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Hospitals seek to solve their own staffing shortages

Surgical technicians (from left) Nicole Jenney, Lenworth Hawkins, Neera Basnet, and Lisa Chin at Newton-Wellesley.Erin Clark/Globe Staff

At Newton-Wellesley Hospital, there has long been a shortage of surgical technologists, the people responsible for setting up operating rooms and equipment. The pandemic only made it more difficult to recruit for those positions.

Now, the hospital has begun a program with Newton’s Lasell University to offer free training and a job for people interested in becoming surgical technologists.

“If you create a culture of investing in your staff, [people] feel valued and invested in and choose to stay,” said Errol Norwitz, the hospital’s president. “That’s the kind of culture I’m trying to create here.”

Since the start of the pandemic, health care workers have left their professions in droves, burnt out by waves of critically ill patients. In January, Governor Charlie Baker’s administration estimated that critical staffing shortages had contributed to the loss of approximately 700 hospital beds since the beginning of 2021. Now, a number of hospitals have stepped in to try to shore up the health care workforce, by starting or expanding paid programs to recruit staff in response to workforce shortages and the mounting costs of hiring temporary workers.

The new program at Newton-Wellesley and Lasell will begin in May. The university will provide classroom training, and the hospital will provide clinical and simulation training for at least three cohorts of 10 to 12 students per year.

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The hospital will offer the first group a full scholarship for the certificate training in exchange for three years of employment at the hospital and is raising money for future scholarships.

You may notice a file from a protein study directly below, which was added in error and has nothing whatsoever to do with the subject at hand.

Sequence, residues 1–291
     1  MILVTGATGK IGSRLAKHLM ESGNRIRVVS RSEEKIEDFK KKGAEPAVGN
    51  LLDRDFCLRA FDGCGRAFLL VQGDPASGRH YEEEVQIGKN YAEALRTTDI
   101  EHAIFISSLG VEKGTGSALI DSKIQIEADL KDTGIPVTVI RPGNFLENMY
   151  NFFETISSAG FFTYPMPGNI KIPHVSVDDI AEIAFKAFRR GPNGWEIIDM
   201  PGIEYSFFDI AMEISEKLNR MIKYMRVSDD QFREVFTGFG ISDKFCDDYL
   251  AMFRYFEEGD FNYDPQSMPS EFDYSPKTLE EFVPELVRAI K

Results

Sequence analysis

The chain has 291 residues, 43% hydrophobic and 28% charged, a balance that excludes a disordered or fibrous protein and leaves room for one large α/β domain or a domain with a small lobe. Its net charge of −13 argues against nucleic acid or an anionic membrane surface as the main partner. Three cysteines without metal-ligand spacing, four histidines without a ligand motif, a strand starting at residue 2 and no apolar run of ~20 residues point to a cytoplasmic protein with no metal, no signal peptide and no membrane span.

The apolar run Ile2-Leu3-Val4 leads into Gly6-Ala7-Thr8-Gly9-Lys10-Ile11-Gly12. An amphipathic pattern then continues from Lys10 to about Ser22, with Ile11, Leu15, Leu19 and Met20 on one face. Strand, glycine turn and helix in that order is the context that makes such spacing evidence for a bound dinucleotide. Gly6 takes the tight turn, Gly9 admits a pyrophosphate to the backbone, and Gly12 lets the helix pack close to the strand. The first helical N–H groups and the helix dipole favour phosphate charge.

Interest has been robust, with over 100 people coming out for an informational session on the program on Wednesday, Norwitz said.

Currently the hospital employs 52 full- and part-time surgical technologists, and has openings for 11 more, though Norwitz said the need is even greater. The program will not only begin to solve Newton-Wellesley’s shortages, but could potentially fill vacancies throughout Newton-Wellesley’s parent organization, Mass General Brigham, and potentially in other hospitals, Norwitz said.

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Norwitz also hopes the program increases workforce diversity by lowering financial barriers to training.

Michael Alexander, president of Lasell University, said the school is offering the courses at approximately half the cost of typical undergraduate credits, with the cost initially picked up by the hospital. Students can also use their credits toward a baccalaureate degree at the college, lowering the overall cost of a four-year degree, he said.

Holyoke Medical Center is also funding programs to entice new staff. The hospital’s new $1.5 million to $2 million program is recruiting students who have recently graduated from nursing programs and offering to pay between $25,000 and $50,000 of their loan debt in exchange for four years of employment.

New grads will complete their residency program over the summer and will be paid as they work alongside nurse educators to gain their required training. The hospital hopes to fill many of its 32 to 35 open nursing positions.

“We are three weeks into the program and have already filled two-thirds of our total open positions with new grads,” said Spiros Hatiras, CEO of Holyoke Medical Center. “We anticipate filling every open position by mid-May as we have a lot of interest and candidates.”